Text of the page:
aIMAG0305

CAR-FREE FUN – Granton Harbour to Queensferry to Inchcolm Abbey; by bike, boat and foot

It’s amazing what you can squeeze into one day!!  Our ‘car-free’ day was a photographers delight so even if you don’t fancy the bike ride I’m sure the coastal views, bridges, boats, nature and wildlife will inspire you to check out even just a few segments of our epic day out!

My Edinburgh ‘to-do’ list is so long that when I get a whole free day with nice weather I end up in an excited frenzy.  I bombard my husband with ideas which fly out of my mouth at about 60 per second…..let’s do….or why don’t we…. we could also go……

Knowing me as well as he does, he silently waits until I pause for breath OR…. mention something that includes cycling!!

A few weeks ago a few factors combined into a busy, exhausting but really fun day out.  It was dry, a little sunny and not too windy; I had a voucher for a boat trip on the Forth with Forth Boat Tours and I had been hounding John to take me out on some cycling paths.  I was thinking either a day of cycling or the river cruise but then I had the brilliant idea (yes I’m willing to take the blame for this one :D) to combine the two and cycle out to South Queensferry.  After all, according to Google Maps – it was only a 46 minute ride over mostly car-free bicycle paths (I didn’t notice the elevation profile at the time!)

google map of ride

I certainly don’t ride my bike as much as I’d like so every trip is a bit of a palaver to get ready.  Is there air in the tyres?  Where did I put my helmet? What’s the weather?  What should I wear?  Eventually I got myself sorted while John took care of the bikes.  John rides out this way on his road bike but today he was ‘willing’ to head out on the mountain bike and join me on the paths.

I LOVE the start of this ride.  The path along the Cramond waterfront is smooth and wide and the views are AMAZING!

aIMAG0292

 

 

aIMAG0300

 

 

aIMAG0301

We usually just ride out to the cafe and back as a short evening ride but today we were going further…..much further!  The cafe was open and I could sit and watch the boats for hours, but today we continued on along the river Avon.

aIMAG0305

The smooth tarmac disappeared but our trusty (and slightly rusty) mountain bikes were perfectly suited to the dirt and gravel paths that took us into the woods and past some ruins as we followed the river edge.

aIMAG0310

Suddenly we came to a stop.  We looked ahead, looked at each other, looked left, looked right – nope no path left – only STEPS!  Lots and lots of steps heading up into the trees.  A runner was heading down and saw the bemusement on our faces – he laughed and confirmed that is was up or head back.  We shouldered our bikes and began our ascent.

 

aIMAG0314

 

 

Looking back at how far up we came

Looking back at how far up we came

Huffing and puffing at the top – we got back on the bikes and continued along the path which promptly stopped at a set of steps heading back down!   That picnic I packed was adding weight to my bike but at least my arms were getting a workout.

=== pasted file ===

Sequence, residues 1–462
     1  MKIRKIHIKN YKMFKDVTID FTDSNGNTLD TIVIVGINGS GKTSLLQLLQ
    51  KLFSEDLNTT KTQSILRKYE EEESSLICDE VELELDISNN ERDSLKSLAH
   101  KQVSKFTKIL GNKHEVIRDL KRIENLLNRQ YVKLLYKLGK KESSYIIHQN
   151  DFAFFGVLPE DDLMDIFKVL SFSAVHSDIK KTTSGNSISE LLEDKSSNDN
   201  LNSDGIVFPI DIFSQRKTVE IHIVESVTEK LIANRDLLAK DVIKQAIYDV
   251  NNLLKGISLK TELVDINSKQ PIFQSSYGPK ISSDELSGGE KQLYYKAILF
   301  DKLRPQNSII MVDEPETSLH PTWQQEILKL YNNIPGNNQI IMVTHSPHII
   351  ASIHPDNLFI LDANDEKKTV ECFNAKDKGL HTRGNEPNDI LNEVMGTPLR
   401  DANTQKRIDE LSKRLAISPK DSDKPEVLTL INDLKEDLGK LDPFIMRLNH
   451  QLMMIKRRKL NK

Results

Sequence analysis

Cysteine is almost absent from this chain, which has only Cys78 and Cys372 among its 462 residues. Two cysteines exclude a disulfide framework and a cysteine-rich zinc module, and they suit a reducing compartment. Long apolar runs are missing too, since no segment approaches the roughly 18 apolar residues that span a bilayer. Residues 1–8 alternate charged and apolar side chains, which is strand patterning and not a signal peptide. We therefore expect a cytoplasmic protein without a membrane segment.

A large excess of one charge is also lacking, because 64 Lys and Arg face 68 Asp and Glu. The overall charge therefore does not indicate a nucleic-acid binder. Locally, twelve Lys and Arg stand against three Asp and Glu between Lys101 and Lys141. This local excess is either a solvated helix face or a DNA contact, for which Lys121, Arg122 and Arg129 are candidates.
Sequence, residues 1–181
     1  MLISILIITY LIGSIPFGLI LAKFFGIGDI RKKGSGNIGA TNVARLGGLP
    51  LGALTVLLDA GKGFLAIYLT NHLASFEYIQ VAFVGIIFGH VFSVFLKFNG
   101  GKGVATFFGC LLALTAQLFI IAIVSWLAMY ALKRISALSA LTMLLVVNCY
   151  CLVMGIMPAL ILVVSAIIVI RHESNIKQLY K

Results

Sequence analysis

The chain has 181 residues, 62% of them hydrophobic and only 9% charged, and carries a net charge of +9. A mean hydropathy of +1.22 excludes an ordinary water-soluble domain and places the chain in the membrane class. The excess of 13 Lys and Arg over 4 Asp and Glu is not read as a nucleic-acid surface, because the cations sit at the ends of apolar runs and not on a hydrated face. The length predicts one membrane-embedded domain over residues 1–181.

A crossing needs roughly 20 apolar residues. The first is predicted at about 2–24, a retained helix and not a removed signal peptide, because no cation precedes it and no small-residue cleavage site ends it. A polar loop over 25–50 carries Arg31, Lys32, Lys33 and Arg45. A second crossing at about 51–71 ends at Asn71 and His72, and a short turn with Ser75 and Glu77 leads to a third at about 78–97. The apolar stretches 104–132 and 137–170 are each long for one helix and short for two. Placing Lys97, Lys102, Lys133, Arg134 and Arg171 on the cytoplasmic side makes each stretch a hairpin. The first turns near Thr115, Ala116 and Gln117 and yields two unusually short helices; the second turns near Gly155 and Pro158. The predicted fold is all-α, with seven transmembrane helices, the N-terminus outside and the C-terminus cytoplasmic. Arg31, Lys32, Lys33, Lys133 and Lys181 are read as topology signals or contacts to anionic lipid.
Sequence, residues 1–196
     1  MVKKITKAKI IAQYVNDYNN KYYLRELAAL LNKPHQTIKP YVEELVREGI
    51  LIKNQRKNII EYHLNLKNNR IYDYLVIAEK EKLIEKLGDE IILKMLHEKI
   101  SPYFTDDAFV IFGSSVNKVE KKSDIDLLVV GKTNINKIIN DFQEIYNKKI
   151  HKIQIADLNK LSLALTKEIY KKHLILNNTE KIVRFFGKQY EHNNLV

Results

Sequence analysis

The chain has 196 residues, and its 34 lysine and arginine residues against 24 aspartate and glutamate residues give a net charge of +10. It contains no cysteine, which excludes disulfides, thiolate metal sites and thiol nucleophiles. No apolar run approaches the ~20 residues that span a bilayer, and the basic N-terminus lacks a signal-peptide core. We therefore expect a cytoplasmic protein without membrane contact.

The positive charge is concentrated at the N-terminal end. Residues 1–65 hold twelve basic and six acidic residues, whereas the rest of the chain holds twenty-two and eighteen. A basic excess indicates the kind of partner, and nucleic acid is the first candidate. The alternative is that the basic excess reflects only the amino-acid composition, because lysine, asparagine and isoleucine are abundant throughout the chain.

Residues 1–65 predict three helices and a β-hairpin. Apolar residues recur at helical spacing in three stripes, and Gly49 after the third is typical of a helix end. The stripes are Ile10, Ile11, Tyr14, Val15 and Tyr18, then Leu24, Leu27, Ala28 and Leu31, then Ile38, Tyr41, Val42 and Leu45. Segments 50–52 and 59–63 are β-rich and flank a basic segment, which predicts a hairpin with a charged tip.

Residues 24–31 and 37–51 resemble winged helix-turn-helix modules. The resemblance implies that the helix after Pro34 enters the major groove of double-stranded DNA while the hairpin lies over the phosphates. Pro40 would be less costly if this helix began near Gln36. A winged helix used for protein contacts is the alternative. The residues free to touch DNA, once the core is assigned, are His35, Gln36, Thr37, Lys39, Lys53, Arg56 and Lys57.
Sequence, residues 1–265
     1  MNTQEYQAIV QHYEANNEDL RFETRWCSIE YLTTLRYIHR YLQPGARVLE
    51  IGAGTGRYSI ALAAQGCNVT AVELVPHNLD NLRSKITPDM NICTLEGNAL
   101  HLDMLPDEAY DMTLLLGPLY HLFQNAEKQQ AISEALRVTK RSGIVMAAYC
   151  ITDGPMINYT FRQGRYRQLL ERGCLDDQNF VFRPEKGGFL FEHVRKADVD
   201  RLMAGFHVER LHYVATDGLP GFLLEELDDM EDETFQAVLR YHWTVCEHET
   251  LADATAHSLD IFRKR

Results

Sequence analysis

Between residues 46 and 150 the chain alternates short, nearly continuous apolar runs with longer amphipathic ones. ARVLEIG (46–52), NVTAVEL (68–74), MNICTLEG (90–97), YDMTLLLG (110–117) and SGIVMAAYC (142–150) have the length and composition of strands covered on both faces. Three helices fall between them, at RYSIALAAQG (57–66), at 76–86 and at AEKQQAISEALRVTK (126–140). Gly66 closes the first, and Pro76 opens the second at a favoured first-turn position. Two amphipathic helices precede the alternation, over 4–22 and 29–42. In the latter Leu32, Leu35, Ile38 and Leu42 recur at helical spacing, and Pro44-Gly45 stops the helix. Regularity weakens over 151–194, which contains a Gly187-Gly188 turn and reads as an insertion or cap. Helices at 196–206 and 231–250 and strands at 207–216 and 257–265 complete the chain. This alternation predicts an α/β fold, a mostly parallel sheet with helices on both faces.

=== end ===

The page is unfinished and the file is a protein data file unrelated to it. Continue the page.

aIMAG0317

 

aIMAG0320

Excitement over, we cruised along and very shortly the path emerged from the trees, crossed over a picturesque bridge, and brought us to the top of the A90.

aIMAG0323

 

aIMAG0326

 

aIMAG0327

Now, we had planned to cycle the small road/cycle path that follows alongside the A90.  This path would have then joined the B924 which means I would have to cycle on a road with cars for the rest of the journey.  However, it turns out the A90 path was closed until the end of August 2014!  There was a detour which would take us through the Dalmeny Estate.  This would add time to our ride, but would make the rest of the route car free!

I’ve never been through the Dalmeny estate and was impressed by the paved paths and beautiful setting.

aIMAG0333

We soon came across a detour sign that would return us to the B924.

aIMAG0331

We had our mountain bikes, had plenty of time before our boat ride and were enjoying the views so we ignored the signs and instead headed for the ‘Shore Walk’.

aIMAG0336

This route was lumpy, bumpy and had its ups and downs – giving my thighs a good workout, but we were rewarded with coastal views which were lovely on their own – but when the rail bridge finally came into view…. WOW!

aIMAG0337

 

aIMAG0341

 

aIMAG0342

 

aIMAG0350

As we approached to town of S. Queensferry we were thrilled that we decided to go by bike.  There were cars EVERYWHERE!  The gorgeous weather brought everyone to the coast – plus there was a charity absailing event taking place which was attracting a big crowd, cheering on the brave fundraisers as they descended from the bridge on a tiny little wire.

aimag0351

 

aIMAG0352

While waiting for our boat, we soaked up the party atmosphere, enjoyed our packed lunch and got more pics of one of the most photographed bridges in the world!

bbIMAG0354

 

bDSC_5108

Ever since moving to Scotland in 2002 I’ve wanted to visit Inchcolm Abbey so I was first in line when the boat approached the dock.   We got the perfect seat – up front in the open air but tucked in the corner so we had shelter from the wind and spray.

bdsc_5110

 

bdsc_5111

However, I think there was someone on the boat even more excited than me!!

bDSC_5112

Instead of heading directly to Inchcolme, the ‘Forth Belle’ took us the opposite direction for an up close look at the bridges and to see the progress of the new bridge.  During the ride, we were entertained and educated by a taped commentary – I’m sure visitors to Scotland love hearing the broad Scottish accent sharing a wealth of information about the bridges, the wildlife and the use of the Forth River for commerce and war time defence.

bDSC_5118

 

bDSC_5119

 

bDSC_5121

 

bDSC_5128

 

bDSC_5138

 

bDSC_5140

 

bDSC_5148

 

bDSC_5149

We passed several little Islands – most with some sort of building/outlook posts as we headed towards Fife and the island of Inchcolm.  As we pulled up to the dock we could see a wee figure on the rocks, welcoming us in.